“When people treat one text as holy, they’re always trying to connect their self, their life, to that one sentence, word, or term,” An told me. “Living like that is what I’m interested in.” Living like that: In other words, the way I had grown up, committing entire chapters of the Bible to memory, tucking verses on cards into my violin case and other crevices of everyday life, tracing the etymology and cultural harmonics across Bible translations of a single word like “love,” “daily,” or “grace.” As An spoke to me about how totalizing a single book was for these Jehovah’s Witnesses, I watched myself meeting with my preteen Bible study cell group as an anthropologist would: Young girls meet regularly with agemates as a form of collective accountability to adhere to the tenets of Biblical conduct. There we were, specimens of religious devotion. Looking at myself through An’s gaze was like seeing through a pair of glasses the wrong way, everything in miniature with depths of field all wrong, ungenerously sped-up, dizzying if you look too long.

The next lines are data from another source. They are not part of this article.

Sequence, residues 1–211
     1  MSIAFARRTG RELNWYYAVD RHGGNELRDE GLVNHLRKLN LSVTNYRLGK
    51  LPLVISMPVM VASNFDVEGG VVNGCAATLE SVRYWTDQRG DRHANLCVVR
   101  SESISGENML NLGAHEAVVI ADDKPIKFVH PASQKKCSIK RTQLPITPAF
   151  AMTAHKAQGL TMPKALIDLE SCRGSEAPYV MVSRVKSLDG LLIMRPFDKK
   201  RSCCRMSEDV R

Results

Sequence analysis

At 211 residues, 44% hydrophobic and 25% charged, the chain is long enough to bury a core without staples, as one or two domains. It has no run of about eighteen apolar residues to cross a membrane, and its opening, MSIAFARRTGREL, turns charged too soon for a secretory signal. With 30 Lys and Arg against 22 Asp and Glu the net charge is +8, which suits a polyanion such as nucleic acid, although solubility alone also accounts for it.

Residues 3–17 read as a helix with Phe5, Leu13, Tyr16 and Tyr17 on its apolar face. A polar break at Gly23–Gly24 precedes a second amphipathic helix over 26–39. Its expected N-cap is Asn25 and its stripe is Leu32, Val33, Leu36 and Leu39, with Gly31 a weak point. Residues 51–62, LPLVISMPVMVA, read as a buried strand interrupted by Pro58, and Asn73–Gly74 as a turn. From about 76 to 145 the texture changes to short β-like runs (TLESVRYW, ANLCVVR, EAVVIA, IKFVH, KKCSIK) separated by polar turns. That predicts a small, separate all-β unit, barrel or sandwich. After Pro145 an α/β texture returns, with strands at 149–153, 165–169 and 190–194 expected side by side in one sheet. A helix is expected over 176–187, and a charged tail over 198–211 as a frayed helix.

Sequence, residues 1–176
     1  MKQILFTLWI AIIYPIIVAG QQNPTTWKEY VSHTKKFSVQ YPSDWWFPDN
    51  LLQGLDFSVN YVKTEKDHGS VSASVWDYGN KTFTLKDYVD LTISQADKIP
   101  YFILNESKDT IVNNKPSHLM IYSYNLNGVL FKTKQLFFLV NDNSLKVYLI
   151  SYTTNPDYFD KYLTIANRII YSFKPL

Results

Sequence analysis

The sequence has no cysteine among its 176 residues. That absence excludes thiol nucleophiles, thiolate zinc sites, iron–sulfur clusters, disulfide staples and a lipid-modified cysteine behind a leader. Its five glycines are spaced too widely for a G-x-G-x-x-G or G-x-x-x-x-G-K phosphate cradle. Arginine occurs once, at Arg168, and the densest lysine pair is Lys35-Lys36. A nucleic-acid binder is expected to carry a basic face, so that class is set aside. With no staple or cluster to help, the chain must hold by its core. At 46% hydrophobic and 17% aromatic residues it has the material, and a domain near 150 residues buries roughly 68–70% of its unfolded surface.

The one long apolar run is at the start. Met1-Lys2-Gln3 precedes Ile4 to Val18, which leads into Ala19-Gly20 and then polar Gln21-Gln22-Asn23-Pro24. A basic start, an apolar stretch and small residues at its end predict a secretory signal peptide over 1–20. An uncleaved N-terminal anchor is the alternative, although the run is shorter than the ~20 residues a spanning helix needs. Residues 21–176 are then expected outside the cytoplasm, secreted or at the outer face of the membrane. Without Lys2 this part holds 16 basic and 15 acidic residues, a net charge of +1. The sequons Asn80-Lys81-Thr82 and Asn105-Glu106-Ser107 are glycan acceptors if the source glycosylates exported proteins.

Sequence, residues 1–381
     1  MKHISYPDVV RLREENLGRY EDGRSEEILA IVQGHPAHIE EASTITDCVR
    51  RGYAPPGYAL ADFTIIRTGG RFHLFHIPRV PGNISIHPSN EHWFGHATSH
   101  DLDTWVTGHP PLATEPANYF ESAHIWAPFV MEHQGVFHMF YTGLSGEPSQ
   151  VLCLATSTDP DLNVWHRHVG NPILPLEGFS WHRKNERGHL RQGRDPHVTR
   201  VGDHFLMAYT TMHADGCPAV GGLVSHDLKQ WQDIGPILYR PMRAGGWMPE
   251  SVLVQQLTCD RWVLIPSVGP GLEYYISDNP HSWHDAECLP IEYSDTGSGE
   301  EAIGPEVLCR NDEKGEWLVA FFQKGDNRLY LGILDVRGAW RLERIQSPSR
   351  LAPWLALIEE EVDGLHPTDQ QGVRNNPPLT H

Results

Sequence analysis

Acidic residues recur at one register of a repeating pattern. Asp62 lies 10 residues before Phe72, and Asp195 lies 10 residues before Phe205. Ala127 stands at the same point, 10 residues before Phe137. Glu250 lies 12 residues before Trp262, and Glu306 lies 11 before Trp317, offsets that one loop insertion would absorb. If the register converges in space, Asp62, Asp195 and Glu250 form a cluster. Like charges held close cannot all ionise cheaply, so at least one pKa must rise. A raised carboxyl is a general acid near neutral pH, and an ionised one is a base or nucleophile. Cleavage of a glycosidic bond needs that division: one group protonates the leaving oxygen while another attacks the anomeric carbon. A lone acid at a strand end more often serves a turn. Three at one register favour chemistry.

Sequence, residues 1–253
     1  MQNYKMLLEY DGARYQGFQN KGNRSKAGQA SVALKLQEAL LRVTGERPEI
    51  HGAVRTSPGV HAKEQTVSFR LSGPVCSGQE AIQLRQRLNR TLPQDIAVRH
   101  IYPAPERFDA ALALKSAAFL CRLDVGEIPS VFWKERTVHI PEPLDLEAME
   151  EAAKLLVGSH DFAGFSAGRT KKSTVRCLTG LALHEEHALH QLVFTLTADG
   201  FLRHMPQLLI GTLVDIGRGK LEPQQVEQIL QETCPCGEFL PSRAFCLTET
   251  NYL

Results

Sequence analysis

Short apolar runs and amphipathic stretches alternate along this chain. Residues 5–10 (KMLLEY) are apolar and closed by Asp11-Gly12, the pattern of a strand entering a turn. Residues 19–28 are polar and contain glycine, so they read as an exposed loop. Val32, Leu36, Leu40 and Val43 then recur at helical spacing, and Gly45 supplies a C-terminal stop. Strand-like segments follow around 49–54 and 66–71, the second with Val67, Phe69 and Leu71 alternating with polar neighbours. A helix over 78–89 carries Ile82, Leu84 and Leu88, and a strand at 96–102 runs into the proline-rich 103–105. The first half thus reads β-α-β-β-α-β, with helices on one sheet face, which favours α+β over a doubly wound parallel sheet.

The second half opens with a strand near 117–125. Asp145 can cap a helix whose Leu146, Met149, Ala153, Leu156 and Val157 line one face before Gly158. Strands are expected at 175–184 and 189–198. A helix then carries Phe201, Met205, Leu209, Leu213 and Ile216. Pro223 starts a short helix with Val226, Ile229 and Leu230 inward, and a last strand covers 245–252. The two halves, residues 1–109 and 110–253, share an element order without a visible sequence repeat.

But I could also see that An bristled at how Witnesses and other Christians, like those in my home church who elided America with salvation, infantilized those like her from mainland China. She once asked me, “Don’t you feel like that narrative about China as a newborn, unreached, is very colonial?” I paused. I could see her frustration with outsiders equating a lack of free speech with a lack of ideas, a lack of religious freedom with a pitiable naïveté, with Christians casting Chinese people as specimens of state devotion. Get out from behind your lens, An could have said. “Not to be condescending,” she told me, “but it would be super interesting for you to live in China for a while.”

Incidentally, I did, though not for that reason. Convinced that I wanted to do reporting in Mandarin, I enrolled in a semester-long intensive Mandarin language course in Beijing and traveled there not long after I finished my reporting for the JW piece. Daphne sent me off with nice emails containing little updates on those we’d met along the way.

I had faith in the medium of longform narrative journalism. I felt that there was an inherent beauty to seeing other people with the express intention of making their complexity legible to a stranger. In my mind, “hanging out” journalism was closer to anthropology than reported news. Rather than a first rough draft of history, this medium felt more like meditations on history’s faintest echoes, heard through the tiniest of sounding boards—a single individual—which could be resounding and universal if you got real close and listened carefully.